Position-Limits Rule Toothless: Opinion

No one knows what it is that the Occupy Wall Street protesters actually want, if anything, to get them to go home.

But take one look at the rules for position limits that the Commodity Futures Trading Commission has rolled out for a vote on Tuesday and you know that their instincts that the game is fixed are right on the money.

This latest part of Dodd-Frank regulation is attempting to help limit the financial speculation that drove oil prices up during 2008 and are responsible for the more than $3.50 a gallon national gasoline average that we are experiencing today.

But Dodd-Frank has become a farce. The legislation was designed to end systemic risk. It was hoped to end moral hazard. It was written to curb speculation in markets that were never designed to be bet on.

But it has morphed into a political and legal dance between liberals looking to put a financial genie impossibly back into a bottle and a conservative group who never really admitted to anything functionally going wrong in the markets in the first place and an aversion to government meddling in business practices anywhere.

Let's have a closer look at the position limits rule. In my book, "Oil's Endless Bid" , I discussed extensively about the specific tools available to the CFTC in trying to curb speculation, reaching the conclusion that position limits were, at best, a weak hatchet hacking up a body where a scalpel was required.

Still, very strong position limits could have some effect in limiting some financial speculative participants in the oil markets. This rule won't do even much of that. It allows a healthy 25% of deliverable contracts as a limit in the spot month, and 2,500 contracts plus 2.5% of whatever open interest above 25,000 for back months.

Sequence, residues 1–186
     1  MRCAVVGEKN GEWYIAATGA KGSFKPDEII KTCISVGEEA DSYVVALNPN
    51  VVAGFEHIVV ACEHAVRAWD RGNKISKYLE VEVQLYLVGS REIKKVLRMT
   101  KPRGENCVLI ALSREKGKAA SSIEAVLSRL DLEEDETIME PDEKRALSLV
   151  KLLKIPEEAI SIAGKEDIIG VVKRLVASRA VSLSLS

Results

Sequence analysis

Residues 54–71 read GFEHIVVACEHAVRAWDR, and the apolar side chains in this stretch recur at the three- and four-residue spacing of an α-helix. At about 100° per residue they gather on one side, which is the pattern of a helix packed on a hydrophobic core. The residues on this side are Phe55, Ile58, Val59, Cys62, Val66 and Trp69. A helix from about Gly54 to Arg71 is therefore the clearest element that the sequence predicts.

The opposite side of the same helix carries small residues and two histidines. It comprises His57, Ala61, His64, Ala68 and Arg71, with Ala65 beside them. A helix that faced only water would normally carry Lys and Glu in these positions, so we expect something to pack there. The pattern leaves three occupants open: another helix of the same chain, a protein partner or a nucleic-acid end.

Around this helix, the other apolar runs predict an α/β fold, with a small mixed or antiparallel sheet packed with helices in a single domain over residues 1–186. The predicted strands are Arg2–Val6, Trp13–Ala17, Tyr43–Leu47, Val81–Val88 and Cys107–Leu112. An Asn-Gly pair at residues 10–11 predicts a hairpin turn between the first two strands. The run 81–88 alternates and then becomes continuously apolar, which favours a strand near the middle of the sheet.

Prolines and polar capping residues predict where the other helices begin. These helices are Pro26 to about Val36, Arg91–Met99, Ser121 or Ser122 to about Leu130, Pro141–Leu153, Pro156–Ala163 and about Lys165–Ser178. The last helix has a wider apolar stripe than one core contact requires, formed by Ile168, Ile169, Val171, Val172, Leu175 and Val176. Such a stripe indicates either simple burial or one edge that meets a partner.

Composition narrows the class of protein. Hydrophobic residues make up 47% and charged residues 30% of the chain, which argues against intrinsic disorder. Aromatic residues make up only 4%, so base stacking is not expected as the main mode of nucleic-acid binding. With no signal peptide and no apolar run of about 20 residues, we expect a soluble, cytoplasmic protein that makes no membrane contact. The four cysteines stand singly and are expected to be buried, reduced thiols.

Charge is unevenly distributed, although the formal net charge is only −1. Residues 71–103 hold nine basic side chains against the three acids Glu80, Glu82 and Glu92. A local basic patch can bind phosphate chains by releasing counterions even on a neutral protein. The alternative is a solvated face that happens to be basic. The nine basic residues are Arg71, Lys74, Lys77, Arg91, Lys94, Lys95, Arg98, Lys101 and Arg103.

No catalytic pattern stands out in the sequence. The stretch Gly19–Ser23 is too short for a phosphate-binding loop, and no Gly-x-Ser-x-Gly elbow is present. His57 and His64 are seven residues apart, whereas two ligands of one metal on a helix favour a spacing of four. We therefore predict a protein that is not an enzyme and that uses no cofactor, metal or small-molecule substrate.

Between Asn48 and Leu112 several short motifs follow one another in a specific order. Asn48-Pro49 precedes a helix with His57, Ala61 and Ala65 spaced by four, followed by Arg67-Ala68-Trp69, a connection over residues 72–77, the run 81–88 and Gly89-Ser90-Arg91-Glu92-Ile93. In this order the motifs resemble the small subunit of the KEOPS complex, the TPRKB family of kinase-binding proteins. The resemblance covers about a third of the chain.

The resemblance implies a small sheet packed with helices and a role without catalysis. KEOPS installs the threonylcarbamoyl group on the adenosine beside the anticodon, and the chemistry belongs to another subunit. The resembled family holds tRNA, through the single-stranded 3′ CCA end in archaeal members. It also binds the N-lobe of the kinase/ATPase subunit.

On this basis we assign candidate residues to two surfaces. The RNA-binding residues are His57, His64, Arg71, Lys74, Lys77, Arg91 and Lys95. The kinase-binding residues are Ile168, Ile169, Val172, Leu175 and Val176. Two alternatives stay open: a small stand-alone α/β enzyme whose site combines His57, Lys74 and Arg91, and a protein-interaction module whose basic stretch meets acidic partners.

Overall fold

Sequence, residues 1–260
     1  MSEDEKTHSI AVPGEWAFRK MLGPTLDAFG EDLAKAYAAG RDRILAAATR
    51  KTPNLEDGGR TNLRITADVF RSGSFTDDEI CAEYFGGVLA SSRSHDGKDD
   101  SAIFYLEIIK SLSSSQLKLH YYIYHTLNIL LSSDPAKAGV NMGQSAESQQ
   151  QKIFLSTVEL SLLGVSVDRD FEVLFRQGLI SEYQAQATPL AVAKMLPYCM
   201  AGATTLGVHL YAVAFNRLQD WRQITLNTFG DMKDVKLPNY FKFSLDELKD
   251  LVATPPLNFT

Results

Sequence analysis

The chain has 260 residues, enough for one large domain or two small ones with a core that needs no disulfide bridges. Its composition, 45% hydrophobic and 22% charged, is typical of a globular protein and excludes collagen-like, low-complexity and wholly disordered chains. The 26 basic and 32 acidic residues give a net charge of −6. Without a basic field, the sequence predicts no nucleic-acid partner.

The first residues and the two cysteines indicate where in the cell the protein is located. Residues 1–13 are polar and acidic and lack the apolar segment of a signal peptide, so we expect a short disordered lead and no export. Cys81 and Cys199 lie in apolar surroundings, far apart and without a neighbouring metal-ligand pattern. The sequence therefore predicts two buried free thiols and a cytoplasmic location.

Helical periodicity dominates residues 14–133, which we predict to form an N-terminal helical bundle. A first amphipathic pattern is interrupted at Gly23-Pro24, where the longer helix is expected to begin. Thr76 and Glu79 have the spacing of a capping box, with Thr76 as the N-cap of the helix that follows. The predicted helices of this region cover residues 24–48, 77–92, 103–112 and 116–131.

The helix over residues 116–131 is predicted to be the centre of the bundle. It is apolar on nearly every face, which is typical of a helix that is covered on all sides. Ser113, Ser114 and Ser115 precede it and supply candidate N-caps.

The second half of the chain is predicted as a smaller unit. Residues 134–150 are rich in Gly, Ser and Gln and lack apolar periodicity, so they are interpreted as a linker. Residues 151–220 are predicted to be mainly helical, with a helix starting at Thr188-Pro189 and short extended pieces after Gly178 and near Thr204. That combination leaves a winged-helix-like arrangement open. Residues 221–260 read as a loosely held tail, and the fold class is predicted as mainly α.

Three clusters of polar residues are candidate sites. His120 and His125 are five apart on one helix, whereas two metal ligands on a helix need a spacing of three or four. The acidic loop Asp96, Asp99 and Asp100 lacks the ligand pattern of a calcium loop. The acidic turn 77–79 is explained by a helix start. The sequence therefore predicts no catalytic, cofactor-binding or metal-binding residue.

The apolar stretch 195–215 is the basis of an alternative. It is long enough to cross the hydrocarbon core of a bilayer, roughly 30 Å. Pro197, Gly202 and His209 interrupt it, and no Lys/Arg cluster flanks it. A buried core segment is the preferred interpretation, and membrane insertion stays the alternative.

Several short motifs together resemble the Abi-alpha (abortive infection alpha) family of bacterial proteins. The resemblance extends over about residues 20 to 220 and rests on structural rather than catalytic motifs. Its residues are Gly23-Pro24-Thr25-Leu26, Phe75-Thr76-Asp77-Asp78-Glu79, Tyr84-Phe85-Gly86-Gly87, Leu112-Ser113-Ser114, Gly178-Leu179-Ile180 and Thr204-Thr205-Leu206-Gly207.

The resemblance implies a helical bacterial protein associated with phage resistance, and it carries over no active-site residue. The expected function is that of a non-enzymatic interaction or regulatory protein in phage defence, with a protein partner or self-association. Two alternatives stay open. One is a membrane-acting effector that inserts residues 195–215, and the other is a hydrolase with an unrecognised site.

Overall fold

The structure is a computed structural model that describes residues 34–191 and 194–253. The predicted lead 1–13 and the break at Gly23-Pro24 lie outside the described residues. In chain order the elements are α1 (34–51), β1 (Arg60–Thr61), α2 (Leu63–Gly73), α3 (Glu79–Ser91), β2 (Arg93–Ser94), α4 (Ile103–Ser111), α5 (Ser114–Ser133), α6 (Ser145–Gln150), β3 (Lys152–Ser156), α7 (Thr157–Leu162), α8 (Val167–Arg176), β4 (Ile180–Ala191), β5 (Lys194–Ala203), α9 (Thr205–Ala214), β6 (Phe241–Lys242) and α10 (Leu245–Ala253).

For the cash-settled markets at the ICE, a trader could hold five times that amount of front month contracts. Even as weak as these limits are, most funds looking to accumulate size in oil will likely look outside the futures markets anyway, relying upon the OTC swaps market.

Here, the rules also attempt to control limits on swaps except, oops, the CFTC is still unclear what a swap really is. Without a strong definition, it is likely that the entire position limit rule will fall uselessly around the real accumulators of financial oil.

When this fairly toothless rule passes, which it likely will, it still will not be immediately applied to the markets. Much more likely is that the entire commission will have to reconvene across the street from where their hearing to approve is now taking place, in the federal courts. That's because this rule is almost assured to end up legally challenged by the advocacy groups of the banks and exchanges, led by the Futures Industry Association (FIA).

And don't think, even with the mandate supplied by the Dodd-Frank regulations, that the court will likely uphold the rule. With a strongly Republican packed federal bench, it is possible that the commission will be asked to empirically prove speculative manipulation in the oil markets in 2008, a practical impossibility. If that happens, the commission will be back to square one.

Of course, the ins and outs of the maneuverings on position limits on oil elude most if not all of the protesters at Occupy Wall Street. But the environment that allows the Dodd-Frank laws to erode into impotent regulations clearly does not. They know intuitively that nothing is really being done to assure that the disaster of 2008 doesn't happen again. They sense the financial games played with oil and other commodities are biased towards the players with money and influence to the detriment of consumers and just plain people.

And they're right.